8. 8. fetus with extra cardiac disease. This would include at least rough estimates of systolic (eyeballing ventricular contractility) and diastolic functions (ventricular inflow pattern, valvular regurgitation and ductus venosus Doppler). If function appears impaired, a more detailed assessment in a fetal cardiology unit is indicated. The growth-restricted fetus may represent a special indication for performing routine functional cardiac assessment. More research is needed to define which, if any, novel functional indices should become part of our clinical armamentarium when evaluating the fetus with IUGR antenatally and in following, the growth-restricted neonate. WHAT’S ALREADY KNOWN ABOUT THIS TOPIC? • Fetal cardiac function can be altered in fetuses with extra cardiac disease. WHAT DOES THIS STUDY ADD? • This article summarizes the changes in fetal hemodynamics seen in fetuses with non-cardiac disease and demonstrates how fetal cardiac function assessment can improve our understanding of the pathophysiology of these conditions. • The manuscript reviews how fetal hemodynamic assessment can help in guiding the clinical management of the sick fetus. REFERENCES 1. Kiserud T, Acharya G. The fetal circulation. Prenat Diagn 2004;24:1049–59. 2. Rasanen J, Wood DC, Weiner S, et al. Role of the pulmonary circulation in the distribution of human fetal cardiac output during the second half of pregnancy. Circulation 1996;94:1068–73. 3. Seed M, van Amerom JF, Yoo SJ, et al. Feasibility of quantification of the distribution of blood flow in the normal human fetal circulation using CMR: a cross-sectional study. J Cardiovasc Magn Reson 2012;14:79, DOI: 10.1186/1532-429X-14-79. 4. Van Mieghem T, DeKoninck P, Steenhaut P, Deprest J. Methods for prenatal assessment of fetal cardiac function. Prenat Diagn 2009;29:1193–203. 5. Tutschek B, Schmidt KG. Techniques for assessing cardiac output and fetal cardiac function. Semin Fetal Neonatal Med 2011;16:13–21. 6. DeKoninck P, Steenhaut P, Van Mieghem T, et al. Comparison of Doppler-based and three-dimensional methods for fetal cardiac output measurement. Fetal Diagn Ther 2012;32:72–8. 7. Mielke G, Benda N. Cardiac output and central distribution of blood flow in the human fetus. Circulation 2001;103:1662–8. 8. Sikkel E, Klumper FJ, Oepkes D, et al. Fetal cardiac contractility before and after intrauterine transfusion. Ultrasound Obstet Gynecol 2005;26:611–7. 9. Teske AJ, De Boeck BW, Melman PG, et al. Echocardiographic quantification of myocardial function using tissue deformation imaging, a guide to image acquisition and analysis using tissue Doppler and speckle tracking. Cardiovasc Ultrasound 2007;5:27, DOI: 10.1186/1476-7120-5-27. 10. Cruz-Lemini M, Crispi F, Valenzuela-Alcaraz B, et al. Value of annular M-mode displacement vs tissue Doppler velocities to assess cardiac function in intrauterine growth restriction. Ultrasound Obstet Gynecol 2013;42:175–81. 11. Messing B, Gilboa Y, Lipschuetz M, et al. Fetal tricuspid annular plane systolic excursion (f-TAPSE): evaluation of fetal right heart systolic function with conventional M-mode ultrasound and spatiotemporal image correlation (STIC) M-mode. Ultrasound Obstet Gynecol 2013;42:182–8. 12. Hernandez-Andrade E, Lopez-Tenorio J, Figueroa-Diesel H, et al. A modified myocardial performance (Tei) index based on the use of valve clicks improves reproducibility of fetal left cardiac function assessment. Ultrasound Obstet Gynecol 2005;26:227–32. 13. Roman KS, Fouron JC, Nii M, et al. Determinants of outcome in fetal pulmonary valve stenosis or atresia with intact ventricular septum. Am J Cardiol 2007;99:699–703. 14. Kiserud T, Ebbing C, Kessler J, Rasmussen S. Fetal cardiac output, distribution to the placenta and impact of placental compromise. Ultrasound Obstet Gynecol 2006;28:126–36. 15. Ebbing C, Rasmussen S, Godfrey KM, et al. Redistribution pattern of fetal liver circulation in intrauterine growth restriction. Acta Obstet Gynecol Scand 2009;88:1118–23. 16. Bellotti M, Pennati G, De Gasperi C, et al. Simultaneous measurements of umbilical venous, fetal hepatic, and ductus venosus blood flow in growth-restricted human fetuses. Am J Obstet Gynecol 2004;190:1347–58. 17. al-Ghazali W, Chita SK, Chapman MG, Allan LD. Evidence of redistribution of cardiac output in asymmetrical growth retardation. Br J Obstet Gynaecol 1989;96:697–704. 18. Pearce W. Hypoxic regulation of the fetal cerebral circulation. J Appl Physiol 2006;100:731–8. 19. Baschat AA, Gembruch U, Reiss I, et al. Demonstration of fetal coronary blood flow by Doppler ultrasound in relation to arterial and venous flow velocity waveforms and perinatal outcome--the ‘heart- sparing effect’. Ultrasound Obstet Gynecol 1997;9:162–72. 20. Crispi F, Hernandez-Andrade E, Pelsers MM, et al. Cardiac dysfunction and cell damage across clinical stages of severity in growth-restricted fetuses. Am J Obstet Gynecol 2008;199:254 e1–8. 21. Crispi F, Bijnens B, Figueras F, et al. Fetal growth restriction results in remodeled and less efficient hearts in children. Circulation 2010;121:2427–36. 22. Cruz-Martinez R, Figueras F, Benavides-Serralde A, et al. Sequence of changes in myocardial performance index in relation to aortic isthmus and ductus venosus Doppler in fetuses with early-onset intrauterine growth restriction. Ultrasound Obstet Gynecol 2011;38:179–84. 23. Fouron JC, Gosselin J, Raboisson MJ, et al. The relationship between an aortic isthmus blood flow velocity index and the postnatal neurodevelopmental status of fetuses with placental circulatory insufficiency. Am J Obstet Gynecol 2005;192:497–503. 24. Turan OM, Turan S, Gungor S, et al. Progression of Doppler abnormalities in intrauterine growth restriction. Ultrasound Obstet Gynecol 2008;32:160–7. 25. Baschat AA, Cosmi E, Bilardo CM, et al. Predictors of neonatal outcome in early-onset placental dysfunction. Obstet Gynecol 2007;109:253–61. 26. Bjarnegard N, Morsing E, Cinthio M, et al. Cardiovascular function in adulthood following intrauterine growth restriction with abnormal fetal blood flow. Ultrasound Obstet Gynecol 2013;41:177–84. 27. Crispi F, Figueras F, Cruz-Lemini M, et al. Cardiovascular programming in children born small for gestational age and relationship with prenatal signs of severity. Am J Obstet Gynecol 2012;207:121.e1–9. 28. Barker DJ. Adult consequences of fetal growth restriction. Clin Obstet Gynecol 2006;49:270–83. 29. Byrne FA, Lee H, Kipps AK, et al. Echocardiographic risk stratification of fetuses with sacrococcygeal teratoma and twin-reversed arterial perfusion. Fetal Diagn Ther 2011;30:280–8. 30. Rychik J. Fetal cardiovascular physiology. Pediatr Cardiol 2004;25:201–9. 31. Wilson RD, Hedrick H, Flake AW, et al. Sacrococcygeal teratomas: prenatal surveillance, growth and pregnancy outcome. Fetal Diagn Ther 2009;25:15–20. 32. Lee H, Bebbington M, Crombleholme TM. The North American Fetal Therapy Network Registry data on outcomes of radiofrequency ablation for twin-reversed arterial perfusion sequence. Fetal Diagn Ther 2013;33:224–9. 33. Hecher K, Lewi L, Gratacos E, et al. Twin reversed arterial perfusion: fetoscopic laser coagulation of placental anastomoses or the umbilical cord. Ultrasound Obstet Gynecol 2006;28:688–91. 34. Hedrick HL, Flake AW, Crombleholme TM, et al. Sacrococcygeal teratoma: prenatal assessment, fetal intervention, and outcome. J Pediatr Surg 2004;39:430–8. T. V. Mieghem et al.30 Prenatal Diagnosis 2014, 34, 23–32 © 2013 John Wiley & Sons, Ltd.
  9. 9. 35. Paek BW, Jennings RW, Harrison MR, et al. Radiofrequency ablation of human fetal sacrococcygeal teratoma. Am J Obstet Gynecol 2001;184:503–7. 36. Langer JC, Harrison MR, Schmidt KG, et al. Fetal hydrops and death from sacrococcygeal teratoma: rationale for fetal surgery. Am J Obstet Gynecol 1989;160:1145–50. 37. Szwast A, Tian Z, McCann M, et al. Impact of altered loading conditions on ventricular performance in fetuses with congenital cystic adenomatoid malformation and twin-twin transfusion syndrome. Ultrasound Obstet Gynecol 2007;30:40–6. 38. Mahle WT, Rychik J, Tian ZY, et al. Echocardiographic evaluation of the fetus with congenital cystic adenomatoid malformation. Ultrasound Obstet Gynecol 2000;16:620–4. 39. Rice HE, Estes JM, Hedrick MH, et al. Congenital cystic adenomatoid malformation: a sheep model of fetal hydrops. J Pediatr Surg 1994;29:692–6. 40. Gonen R, Degani S, Shapiro I, et al. The effect of drainage of fetal chylothorax on cardiac and blood vessel hemodynamics. J Clin Ultrasound 1993;21:265–8. 41. Steffensen TS, Quintero RA, Kontopoulos EV, Gilbert-Barness E. Massive pericardial effusion treated with in utero pericardioamniotic shunt in a fetus with intrapericardial teratoma. Fetal Pediatr Pathol 2009;28:216–31. 42. Kamil D, Geipel A, Schmitz C, et al. Fetal pericardial teratoma causing cardiac insufficiency: prenatal diagnosis and therapy. Ultrasound Obstet Gynecol 2006;28:972–3. 43. Bader R, Hornberger LK, Nijmeh LJ, et al. Fetal pericardial teratoma: presentation of two cases and review of literature. Am J Perinatol 2006;23:53–8. 44. Bigras JL, Ryan G, Suda K, et al. Echocardiographic evaluation of fetal hydrothorax: the effusion ratio as a diagnostic tool. Ultrasound Obstet Gynecol 2003;21:37–40. 45. Yinon Y, Grisaru-Granovsky S, Chaddha V, et al. Perinatal outcome following fetal chest shunt insertion for pleural effusion. Ultrasound Obstet Gynecol 2010;36:58–64. 46. Coleman BG, Adzick NS, Crombleholme TM, et al. Fetal therapy: state of the art. J Ultrasound Med 2002;21:1257–88. 47. Schrey S, Kelly EN, Langer JC, et al. Fetal thoracoamniotic shunting for large macrocystic congenital cystic adenomatoid malformations of the lung. Ultrasound Obstet Gynecol 2012;39:515–20. 48. Crombleholme TM, Coleman B, Hedrick H, et al. Cystic adenomatoid malformation volume ratio predicts outcome in prenatally diagnosed cystic adenomatoid malformation of the lung. J Pediatr Surg 2002;37:331–8. 49. Arzt W, Tulzer G. Fetal surgery for cardiac lesions. Prenat Diagn 2011;31:695–8. 50. Stressig R, Fimmers R, Eising K, Gembruch U, Kohl T. Intrathoracic herniation of the liver (‘liver-up’) is associated with predominant left heart hypoplasia in human fetuses with left diaphragmatic hernia. Ultrasound Obstet Gynecol 2011;37:272–6. 51. Van Mieghem T, Gucciardo L, Done E, et al. Left ventricular cardiac function in fetuses with congenital diaphragmatic hernia and the effect of fetal endoscopic tracheal occlusion. Ultrasound Obstet Gynecol 2009;34:424–9. 52. Allan LD, Irish MS, Glick PL. The fetal heart in diaphragmatic hernia. Clin Perinatol 1996;23:795–812. 53. Dekoninck P, Richter J, van Mieghem T, et al. Cardiac assessment in fetuses with right-sided congenital diaphragmatic hernia: a case-controlled study. Ultrasound Obstet Gynecol 2013, DOI: 10.1002/uog.12561. 54. Ruano R, Aubry MC, Barthe B, et al. Quantitative analysis of fetal pulmonary vasculature by 3-dimensional power Doppler ultrasonography in isolated congenital diaphragmatic hernia. Am J Obstet Gynecol 2006;195:1720–8. 55. Done E, Allegaert K, Lewi P, et al. Maternal hyperoxygenation test in fetuses undergoing FETO for severe isolated congenital diaphragmatic hernia. Ultrasound Obstet Gynecol 2011;37:264–71. 56. Stefanutti G, Filippone M, Tommasoni N, et al. Cardiopulmonary anatomy and function in long-term survivors of mild to moderate congenital diaphragmatic hernia. J Pediatr Surg 2004;39:526–31. 57. Fisk NM, Duncombe GJ, Sullivan MH. The basic and clinical science of twin-twin transfusion syndrome. Placenta 2009;30:379–90. 58. Mahieu-Caputo D, Salomon LJ, Le Bidois J, et al. Fetal hypertension: an insight into the pathogenesis of the twin-twin transfusion syndrome. Prenat Diagn 2003;23:640–5. 59. Barrea C, Alkazaleh F, Ryan G, et al. Prenatal cardiovascular manifestations in the twin-to-twin transfusion syndrome recipients and the impact of therapeutic amnioreduction. Am J Obstet Gynecol 2005;192:892–902. 60. Rychik J, Tian Z, Bebbington M, et al. The twin-twin transfusion syndrome: spectrum of cardiovascular abnormality and development of a cardiovascular score to assess severity of disease. Am J Obstet Gynecol 2007;197:392 e1–8. 61. Van Mieghem T, Lewi L, Gucciardo L, et al. The fetal heart in twin-to-twin transfusion syndrome. Int J Pediatr 2010;2010, DOI: 10.1155/2010/379792. 62. Rychik J, Zeng S, Bebbington M, et al. Speckle tracking-derived myocardial tissue deformation imaging in twin-twin transfusion syndrome: differences in strain and strain rate between donor and recipient twins. Fetal Diagn Ther 2012;32:131–7. 63. Van Mieghem T, Giusca S, DeKoninck P, et al. Prospective assessment of fetal cardiac function with speckle tracking in healthy fetuses and recipient fetuses of twin-to-twin transfusion syndrome. J Am Soc Echocardiogr 2010;23:301–8. 64. Van Mieghem T, Done E, Gucciardo L, et al. Amniotic fluid markers of fetal cardiac dysfunction in twin-to-twin transfusion syndrome. Am J Obstet Gynecol 2010;202:48 e1–7. 65. Van Mieghem T, Eixarch E, Gucciardo L, et al. Outcome prediction in monochorionic diamniotic twin pregnancies with moderately discordant amniotic fluid. Ultrasound Obstet Gynecol 2011;37:15–21. 66. Michelfelder E, Gottliebson W, Border W, et al. Early manifestations and spectrum of recipient twin cardiomyopathy in twin-twin transfusion syndrome: relation to Quintero stage. Ultrasound Obstet Gynecol 2007;30:965–71. 67. Habli M, Michelfelder E, Cnota J, et al. Prevalence and progression of recipient-twin cardiomyopathy in early-stage twin-twin transfusion syndrome. Ultrasound Obstet Gynecol 2012;39:63–8. 68. Pruetz JD, Chmait RH, Sklansky MS. Complete right heart flow reversal: pathognomonic recipient twin circular shunt in twin-twin transfusion syndrome. J Ultrasound Med 2009;28:1101–6. 69. Van Mieghem T, Martin AM, Weber R, et al. Fetal cardiac function in recipient twins undergoing fetoscopic laser ablation of placental anastomoses for Stage IV twin-twin transfusion syndrome. Ultrasound Obstet Gynecol 2013;42:64–9. 70. Bajoria R, Ward S, Chatterjee R. Brain natriuretic peptide and endothelin-1 in the pathogenesis of polyhydramnios- oligohydramnios in monochorionic twins. Am J Obstet Gynecol 2003;189:189–94. 71. Mahieu-Caputo D, Meulemans A, Martinovic J, et al. Paradoxic activation of the renin-angiotensin system in twin-twin transfusion syndrome: an explanation for cardiovascular disturbances in the recipient. Pediatr Res 2005;58:685–8. 72. de Haseth SB, Haak MC, Roest AA, et al. Right ventricular outflow tract obstruction in monochorionic twins with selective intrauterine growth restriction. Case Rep Pediatr 2012;2012:426825. 73. Kondo Y, Hidaka N, Yumoto Y, et al. Cardiac hypertrophy of one fetus and selective growth restriction of the other fetus in a monochorionic twin pregnancy. J Obstet Gynaecol Res 2010;36:401–4. 74. Senat MV, Deprest J, Boulvain M, et al. Endoscopic laser surgery versus serial amnioreduction for severe twin-to-twin transfusion syndrome. N Engl J Med 2004;351:136–44. 75. Roberts D, Gates S, Kilby M, Neilson JP. Interventions for twin-twin transfusion syndrome: a Cochrane review. Ultrasound Obstet Gynecol 2008;31:701–11. 76. Van Mieghem T, Klaritsch P, Done E, et al. Assessment of fetal cardiac function before and after therapy for twin-to-twin transfusion syndrome. Am J Obstet Gynecol 2009;200:400 e1–7. 77. Gardiner HM, Taylor MJ, Karatza A, et al. Twin-twin transfusion syndrome: the influence of intrauterine laser photocoagulation on arterial distensibility in childhood. Circulation 2003;107:1906–11. 78. Herberg U, Gross W, Bartmann P, et al. Long term cardiac follow up of severe twin to twin transfusion syndrome after intrauterine laser coagulation. Heart 2006;92:95–100. 79. Mari G, Deter RL, Carpenter RL, et al. Noninvasive diagnosis by Doppler ultrasonography of fetal anemia due to maternal red-cell Fetal hemodynamics in non-cardiac disease 31 Prenatal Diagnosis 2014, 34, 23–32 © 2013 John Wiley & Sons, Ltd.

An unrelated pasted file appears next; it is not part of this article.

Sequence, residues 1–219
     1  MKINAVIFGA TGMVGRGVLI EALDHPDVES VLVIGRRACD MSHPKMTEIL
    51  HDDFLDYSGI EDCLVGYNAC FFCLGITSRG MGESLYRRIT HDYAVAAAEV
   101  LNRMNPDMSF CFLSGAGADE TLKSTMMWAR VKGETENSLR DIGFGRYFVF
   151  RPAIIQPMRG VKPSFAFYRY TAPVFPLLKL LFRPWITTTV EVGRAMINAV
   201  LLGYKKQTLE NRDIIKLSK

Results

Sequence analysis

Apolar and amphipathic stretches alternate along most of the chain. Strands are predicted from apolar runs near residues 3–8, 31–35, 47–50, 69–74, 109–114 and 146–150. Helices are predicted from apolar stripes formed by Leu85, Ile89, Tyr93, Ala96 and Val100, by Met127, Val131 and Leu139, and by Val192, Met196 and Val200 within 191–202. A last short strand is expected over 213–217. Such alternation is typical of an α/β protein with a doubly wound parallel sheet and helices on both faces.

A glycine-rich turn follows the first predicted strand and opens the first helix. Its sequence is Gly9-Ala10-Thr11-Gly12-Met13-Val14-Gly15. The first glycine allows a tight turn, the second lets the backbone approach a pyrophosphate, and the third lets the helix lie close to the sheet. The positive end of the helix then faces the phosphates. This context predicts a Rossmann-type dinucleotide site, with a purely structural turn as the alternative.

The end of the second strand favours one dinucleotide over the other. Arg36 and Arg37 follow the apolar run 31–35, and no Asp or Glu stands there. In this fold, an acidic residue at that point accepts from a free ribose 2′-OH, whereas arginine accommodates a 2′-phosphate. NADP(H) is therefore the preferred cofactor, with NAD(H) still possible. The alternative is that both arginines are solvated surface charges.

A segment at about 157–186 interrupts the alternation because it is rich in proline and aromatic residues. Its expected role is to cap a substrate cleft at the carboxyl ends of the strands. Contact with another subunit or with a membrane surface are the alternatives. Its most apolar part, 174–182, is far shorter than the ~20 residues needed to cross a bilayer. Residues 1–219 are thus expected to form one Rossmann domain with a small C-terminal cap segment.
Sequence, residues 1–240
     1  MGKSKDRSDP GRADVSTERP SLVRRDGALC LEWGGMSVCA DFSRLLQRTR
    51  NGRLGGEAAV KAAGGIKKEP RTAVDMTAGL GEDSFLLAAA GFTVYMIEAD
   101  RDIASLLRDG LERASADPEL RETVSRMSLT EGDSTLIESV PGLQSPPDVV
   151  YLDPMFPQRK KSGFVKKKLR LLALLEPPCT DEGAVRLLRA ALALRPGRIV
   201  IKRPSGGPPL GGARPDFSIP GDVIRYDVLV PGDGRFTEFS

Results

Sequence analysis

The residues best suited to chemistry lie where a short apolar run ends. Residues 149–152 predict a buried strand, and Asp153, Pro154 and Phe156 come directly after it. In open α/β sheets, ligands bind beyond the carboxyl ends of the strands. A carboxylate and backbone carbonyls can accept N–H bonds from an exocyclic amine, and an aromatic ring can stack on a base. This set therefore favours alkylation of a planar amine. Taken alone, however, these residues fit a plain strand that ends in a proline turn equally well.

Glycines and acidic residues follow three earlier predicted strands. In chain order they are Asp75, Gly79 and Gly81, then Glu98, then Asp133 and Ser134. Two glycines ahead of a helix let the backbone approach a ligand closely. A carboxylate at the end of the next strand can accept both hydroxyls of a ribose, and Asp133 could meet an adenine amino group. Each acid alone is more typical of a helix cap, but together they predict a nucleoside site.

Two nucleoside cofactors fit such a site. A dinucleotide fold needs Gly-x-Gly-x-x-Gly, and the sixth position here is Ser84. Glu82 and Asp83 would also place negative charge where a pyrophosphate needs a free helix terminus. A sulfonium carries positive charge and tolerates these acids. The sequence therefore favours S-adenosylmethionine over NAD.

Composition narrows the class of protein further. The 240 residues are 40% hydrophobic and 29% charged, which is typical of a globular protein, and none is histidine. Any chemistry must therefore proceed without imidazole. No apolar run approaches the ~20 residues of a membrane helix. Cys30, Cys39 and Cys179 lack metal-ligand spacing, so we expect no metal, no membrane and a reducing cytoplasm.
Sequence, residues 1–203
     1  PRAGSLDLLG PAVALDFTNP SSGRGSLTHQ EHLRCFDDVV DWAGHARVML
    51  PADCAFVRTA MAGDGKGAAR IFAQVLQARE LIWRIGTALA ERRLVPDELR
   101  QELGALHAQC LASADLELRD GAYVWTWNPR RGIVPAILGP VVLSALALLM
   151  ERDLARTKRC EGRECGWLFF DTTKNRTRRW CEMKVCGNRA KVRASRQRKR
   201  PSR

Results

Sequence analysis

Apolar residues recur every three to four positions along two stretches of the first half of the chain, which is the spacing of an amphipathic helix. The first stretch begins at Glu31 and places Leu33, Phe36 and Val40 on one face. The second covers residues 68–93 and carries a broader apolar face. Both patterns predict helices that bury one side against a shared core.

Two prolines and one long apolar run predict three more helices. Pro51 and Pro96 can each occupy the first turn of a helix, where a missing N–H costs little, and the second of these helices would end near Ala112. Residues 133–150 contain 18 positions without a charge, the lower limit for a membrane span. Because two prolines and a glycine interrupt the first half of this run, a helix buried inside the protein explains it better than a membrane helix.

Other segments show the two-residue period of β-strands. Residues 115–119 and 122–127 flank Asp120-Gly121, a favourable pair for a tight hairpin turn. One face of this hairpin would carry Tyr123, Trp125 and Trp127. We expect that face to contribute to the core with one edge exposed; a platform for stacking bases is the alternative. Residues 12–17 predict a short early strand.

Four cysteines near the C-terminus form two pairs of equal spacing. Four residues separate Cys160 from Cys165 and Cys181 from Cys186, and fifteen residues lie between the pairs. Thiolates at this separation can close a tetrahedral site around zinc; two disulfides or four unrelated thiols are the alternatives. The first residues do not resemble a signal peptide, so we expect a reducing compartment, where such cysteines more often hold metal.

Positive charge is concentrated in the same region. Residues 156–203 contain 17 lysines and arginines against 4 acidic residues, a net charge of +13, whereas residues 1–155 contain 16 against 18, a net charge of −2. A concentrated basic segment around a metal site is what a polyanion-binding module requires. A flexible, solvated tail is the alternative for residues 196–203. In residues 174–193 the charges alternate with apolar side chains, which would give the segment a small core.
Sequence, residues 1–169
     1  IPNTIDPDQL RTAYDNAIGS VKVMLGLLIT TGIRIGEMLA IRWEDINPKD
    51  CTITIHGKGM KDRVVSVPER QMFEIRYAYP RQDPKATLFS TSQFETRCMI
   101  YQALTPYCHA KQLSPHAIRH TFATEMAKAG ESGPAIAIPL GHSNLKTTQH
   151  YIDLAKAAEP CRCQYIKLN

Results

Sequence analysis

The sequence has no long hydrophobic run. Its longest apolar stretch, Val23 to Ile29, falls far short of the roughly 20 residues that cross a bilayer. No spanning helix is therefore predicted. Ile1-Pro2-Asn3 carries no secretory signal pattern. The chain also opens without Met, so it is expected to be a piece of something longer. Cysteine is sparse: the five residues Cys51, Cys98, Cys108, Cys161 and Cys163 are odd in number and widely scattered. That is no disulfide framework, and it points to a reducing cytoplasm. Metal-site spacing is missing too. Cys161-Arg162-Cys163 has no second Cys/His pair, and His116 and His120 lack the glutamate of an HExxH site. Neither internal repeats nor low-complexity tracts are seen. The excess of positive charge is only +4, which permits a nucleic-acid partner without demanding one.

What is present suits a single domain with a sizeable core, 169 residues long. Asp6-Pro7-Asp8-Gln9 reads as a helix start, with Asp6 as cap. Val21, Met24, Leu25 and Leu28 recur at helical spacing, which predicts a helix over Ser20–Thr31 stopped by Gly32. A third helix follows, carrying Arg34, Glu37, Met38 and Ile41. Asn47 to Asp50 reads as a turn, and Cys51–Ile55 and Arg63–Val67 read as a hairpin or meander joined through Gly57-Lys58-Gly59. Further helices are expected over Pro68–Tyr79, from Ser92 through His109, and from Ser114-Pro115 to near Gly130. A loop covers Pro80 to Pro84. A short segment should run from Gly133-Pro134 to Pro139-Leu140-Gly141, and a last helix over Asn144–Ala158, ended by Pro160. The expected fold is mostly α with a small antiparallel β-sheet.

10. 10. alloimmunization. Collaborative group for Doppler assessment of the blood velocity in anemic fetuses. N Engl J Med 2000;342:9–14. 80. Michel M, Schmitz R, Kiesel L, Steinhard J. Fetal myocardial peak systolic strain before and after intrauterine red blood cell transfusion-- a tissue Doppler imaging study. J Perinat Med 2012;40:545–50. 81. Rizzo G, Nicolaides KH, Arduini D, Campbell S. Effects of intravascular fetal blood transfusion on fetal intracardiac Doppler velocity waveforms. Am J Obstet Gynecol 1990;163:1231–8. 82. Tongsong T, Tongprasert F, Srisupundit K, Luewan S. Venous Doppler studies in low-output and high-output hydrops fetalis. Am J Obstet Gynecol 2010;203:488.e1–6. 83. Bigras JL, Suda K, Dahdah NS, Fouron JC. Cardiovascular evaluation of fetal anemia due to alloimmunization. Fetal Diagn Ther 2008;24:197–202. 84. Dickinson JE, Sharpe J, Warner TM, et al. Childhood cardiac function after severe maternal red cell isoimmunization. Obstet Gynecol 2010;116:851–7. 85. Rychik J, McCann M, Tian Z, et al. Fetal cardiovascular effects of lower urinary tract obstruction with giant bladder. Ultrasound Obstet Gynecol 2010;36:682–6. 86. Slodki M, Janiak K, Szaflik K, et al. Fetal echocardiography in fetal ovarian cysts. Ginekol Pol 2008;79:347–51. 87. Slodki M, Janiak K, Szaflik K, Respondek-Liberska M. Fetal echocardiography before and after prenatal aspiration of a fetal ovarian cyst. Ginekol Pol 2009;80:629–31. 88. Barnett CP, Jaeggi E, Han RK, et al. Unusual cardiac presentation of congenital cytomegalovirus infection. Ultrasound Obstet Gynecol 2010;35:119–20. 89. Fishman SG, Pelaez LM, Baergen RN, Carroll SJ. Parvovirus-mediated fetal cardiomyopathy with atrioventricular nodal disease. Pediatr Cardiol 2011;32:84–6. 90. Sakaguchi H, Yamamoto T, Ono S, et al. An infant case of dilated cardiomyopathy associated with congenital cytomegalovirus infection. Pediatr Cardiol 2012;33:824–6. 91. Lamont RF, Sobel JD, Vaisbuch E, et al. Parvovirus B19 infection in human pregnancy. Bjog 2011;118:175–86. 92. Lorijn RH, Nelson JC, Longo LD. Induced fetal hyperthyroidism: cardiac output and oxygen consumption. Am J Physiol 1980;239: H302–7. 93. Kwon EN, Kambalapalli M, Francis G, Donofrio MT. Fetal right- ventricular hypertrophy with pericardial effusion and maternal untreated hyperthyroidism. Pediatr Cardiol 2012, DOI: 10.1007/ s00246-012-0580-5. 94. Huang T, Kelly A, Becker SA, et al. Hypertrophic cardiomyopathy in neonates with congenital hyperinsulinism. Arch Dis Child Fetal Neonatal Ed 2013;98:F351–4. 95. Weber HS, Copel JA, Reece EA, et al. Cardiac growth in fetuses of diabetic mothers with good metabolic control. J Pediatr 1991;118:103–7. 96. Jaeggi ET, Fouron JC, Proulx F. Fetal cardiac performance in uncomplicated and well-controlled maternal type I diabetes. Ultrasound Obstet Gynecol 2001;17:311–5. 97. Zielinsky P. Role of prenatal echocardiography in the study of hypertrophic cardiomyopathy in the fetus. Echocardiography 1991;8:661–8. 98. Stuart A, Amer-Wahlin I, Persson J, Kallen K. Long-term cardiovascular risk in relation to birth weight and exposure to maternal diabetes mellitus. Int J Cardiol 2013;168(3):2653–7. 99. Rijpert M, Breur JM, Evers IM, et al. Cardiac function in 7-8-year-old offspring of women with type 1 diabetes. Exp Diabetes Res 2011;2011:564316, DOI: 10.1155/2011/564316. 100. Rizzo G, Arduini D, Capponi A, Romanini C. Cardiac and venous blood flow in fetuses of insulin-dependent diabetic mothers: evidence of abnormal hemodynamics in early gestation. Am J Obstet Gynecol 1995;173:1775–81. 101. Turan S, Turan OM, Miller J, et al. Decreased fetal cardiac performance in the first trimester correlates with hyperglycemia in pregestational maternal diabetes. Ultrasound Obstet Gynecol 2011;38:325–31. 102. Zielinsky P, Piccoli AL, Jr. Myocardial hypertrophy and dysfunction in maternal diabetes. Early Hum Dev 2012;88:273–8. 103. Liu F, Liu S, Ma Z, et al. Assessment of left ventricular systolic function in fetuses without myocardial hypertrophy of gestational diabetes mellitus mothers using velocity vector imaging. J Obstet Gynaecol 2012;32:252–6. 104. Izmirly PM, Saxena A, Kim MY, et al. Maternal and fetal factors associated with mortality and morbidity in a multi-racial/ethnic registry of anti-SSA/Ro-associated cardiac neonatal lupus. Circulation 2011;124:1927–35. T. V. Mieghem et al.32 Prenatal Diagnosis 2014, 34, 23–32 © 2013 John Wiley & Sons, Ltd.